Goodbye Norway, it’s been a blast
Our six weeks touring Norway and Svalbard by bicycle and boat is over. As we head out of Bergen en route for the Shetland Islands, we can reflect on a society that has to be one of the more idyllic on earth; no huge population pressure, an abundance of wide open spaces, a standard of living and social security that is the envy of the world – no wonder they top the Happiness Indexes !
But for us it’s the ability to cycle along the lonely fjord coastal roads, over the hills and into the glacial valleys, to see at least a few of the 50,000 islands that dot its coastline, and of course experience the Svalbard environs and even further on to almost 83 degrees north, that has made it a destination well worth recommending.
The incongruous sight of farmers with massive tractors presiding over plots that would merely qualify as 10 acre play-farms in New Zealand, is one that left us gob-smacked. That their sheep go for their summer holidays up to the summer valleys of the mountains where they roam the Commons for 4 months, emphasises yet again for us that countries have all manner of different models for their rural sector; the proliferation of holiday cabins hanging from the sides from the steepest of fjord walls in what otherwise would be a deserted landscape, each with it’s own tunnel it seems linking it to life on the eastern inner of this elongated maritime nation reminds just how wealthy the place is, with an infrastructure we can only dream of; and the abundance of traditional fishing villages, modern fish farms, ship building, cruise ship tourism and oil rig servicing industry reinforces how diversified the economy here is.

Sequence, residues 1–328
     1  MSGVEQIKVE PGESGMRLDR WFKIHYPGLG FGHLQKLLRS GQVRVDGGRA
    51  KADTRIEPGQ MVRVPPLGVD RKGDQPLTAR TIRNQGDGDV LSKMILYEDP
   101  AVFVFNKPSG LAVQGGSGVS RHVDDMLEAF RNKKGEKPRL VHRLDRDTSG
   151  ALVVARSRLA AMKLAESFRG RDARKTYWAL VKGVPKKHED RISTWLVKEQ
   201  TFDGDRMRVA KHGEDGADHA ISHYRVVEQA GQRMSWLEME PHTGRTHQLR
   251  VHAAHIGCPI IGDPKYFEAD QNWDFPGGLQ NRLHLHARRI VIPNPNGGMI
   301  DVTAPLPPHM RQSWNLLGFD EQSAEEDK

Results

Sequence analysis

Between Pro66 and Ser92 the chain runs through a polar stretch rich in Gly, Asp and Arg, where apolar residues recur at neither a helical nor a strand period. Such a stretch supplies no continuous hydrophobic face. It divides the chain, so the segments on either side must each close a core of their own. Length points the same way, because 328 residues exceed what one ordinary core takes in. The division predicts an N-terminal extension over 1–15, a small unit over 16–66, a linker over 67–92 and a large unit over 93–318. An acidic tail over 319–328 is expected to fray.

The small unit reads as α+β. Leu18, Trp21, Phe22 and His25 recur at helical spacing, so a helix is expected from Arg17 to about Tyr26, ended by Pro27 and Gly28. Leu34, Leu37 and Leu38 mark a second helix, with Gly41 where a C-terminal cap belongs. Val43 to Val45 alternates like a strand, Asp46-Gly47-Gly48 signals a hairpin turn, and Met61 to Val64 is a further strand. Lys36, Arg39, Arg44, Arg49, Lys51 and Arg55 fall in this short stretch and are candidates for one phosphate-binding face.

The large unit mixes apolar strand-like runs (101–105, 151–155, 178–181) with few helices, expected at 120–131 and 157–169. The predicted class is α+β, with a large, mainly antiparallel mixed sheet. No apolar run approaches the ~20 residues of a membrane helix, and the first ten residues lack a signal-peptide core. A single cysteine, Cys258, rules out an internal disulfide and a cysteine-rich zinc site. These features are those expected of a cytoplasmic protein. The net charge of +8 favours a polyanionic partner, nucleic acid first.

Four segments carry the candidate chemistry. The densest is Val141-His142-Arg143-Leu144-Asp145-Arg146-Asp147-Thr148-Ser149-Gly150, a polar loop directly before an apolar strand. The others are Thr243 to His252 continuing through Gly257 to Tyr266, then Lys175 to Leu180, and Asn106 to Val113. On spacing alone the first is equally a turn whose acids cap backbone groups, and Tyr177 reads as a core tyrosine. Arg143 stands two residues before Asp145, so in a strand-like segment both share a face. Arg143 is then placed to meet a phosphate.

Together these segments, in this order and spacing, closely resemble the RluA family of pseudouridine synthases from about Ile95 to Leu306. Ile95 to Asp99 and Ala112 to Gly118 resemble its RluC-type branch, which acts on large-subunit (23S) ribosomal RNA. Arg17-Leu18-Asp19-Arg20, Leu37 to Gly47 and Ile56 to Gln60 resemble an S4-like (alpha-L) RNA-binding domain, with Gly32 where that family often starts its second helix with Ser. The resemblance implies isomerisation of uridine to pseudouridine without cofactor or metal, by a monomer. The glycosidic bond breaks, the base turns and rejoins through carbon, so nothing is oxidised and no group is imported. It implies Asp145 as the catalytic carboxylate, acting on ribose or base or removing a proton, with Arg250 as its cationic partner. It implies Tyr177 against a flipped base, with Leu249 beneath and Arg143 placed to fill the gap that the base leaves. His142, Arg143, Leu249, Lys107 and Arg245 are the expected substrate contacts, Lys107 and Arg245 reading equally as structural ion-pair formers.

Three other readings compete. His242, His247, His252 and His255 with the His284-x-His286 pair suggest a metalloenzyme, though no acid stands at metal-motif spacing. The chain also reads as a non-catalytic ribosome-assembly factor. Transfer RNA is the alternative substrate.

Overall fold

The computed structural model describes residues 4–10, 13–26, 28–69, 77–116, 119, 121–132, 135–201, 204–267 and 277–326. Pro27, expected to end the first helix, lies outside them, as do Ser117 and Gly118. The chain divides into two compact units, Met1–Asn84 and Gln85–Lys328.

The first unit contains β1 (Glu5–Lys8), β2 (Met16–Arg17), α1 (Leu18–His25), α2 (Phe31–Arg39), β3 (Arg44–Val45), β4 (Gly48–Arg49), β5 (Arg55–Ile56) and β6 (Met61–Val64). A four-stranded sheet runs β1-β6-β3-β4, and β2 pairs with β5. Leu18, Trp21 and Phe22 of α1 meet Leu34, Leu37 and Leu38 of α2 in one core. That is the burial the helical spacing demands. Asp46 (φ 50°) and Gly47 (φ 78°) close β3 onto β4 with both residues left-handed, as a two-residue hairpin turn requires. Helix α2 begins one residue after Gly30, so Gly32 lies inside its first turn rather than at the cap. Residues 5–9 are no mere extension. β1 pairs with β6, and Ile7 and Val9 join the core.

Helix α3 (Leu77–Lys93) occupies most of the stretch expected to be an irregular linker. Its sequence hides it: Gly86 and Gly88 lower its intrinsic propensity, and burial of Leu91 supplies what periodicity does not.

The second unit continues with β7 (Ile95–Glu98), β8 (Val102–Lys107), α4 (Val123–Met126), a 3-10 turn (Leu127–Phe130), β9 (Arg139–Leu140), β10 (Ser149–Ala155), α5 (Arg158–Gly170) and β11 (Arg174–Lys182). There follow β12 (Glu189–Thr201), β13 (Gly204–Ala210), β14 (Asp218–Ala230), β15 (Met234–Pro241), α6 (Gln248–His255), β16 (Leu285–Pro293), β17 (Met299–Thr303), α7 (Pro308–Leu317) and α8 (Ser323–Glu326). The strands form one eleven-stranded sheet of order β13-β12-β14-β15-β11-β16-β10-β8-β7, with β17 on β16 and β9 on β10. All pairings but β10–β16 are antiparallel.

And it’s not resting on its laurels. Already Norway has the highest per capita ownership of electric vehicles, the 2nd largest sovereign fund in the world, and of course the most extensive social security infrastructure on earth. The aim of the sovereign fund is to provide Norwegians with an international investment income flow, so that as oil revenue falls away the country’s income remains protected. It’s only 7 years away from being 100% EVs, and leads the world in fish farming technology which it continues to export. It’s electricity is 98% renewable (hydro) meaning it can export aluminium and steel.
Neither are the Norwegians stingy. Their foreign aid is 1.1% of GDP, almost 5 times the meagre contribution of 0.23% that New Zealand makes.
Happy and rich – that is the Norway of today. We’re sorry to leave – thanks for the memory.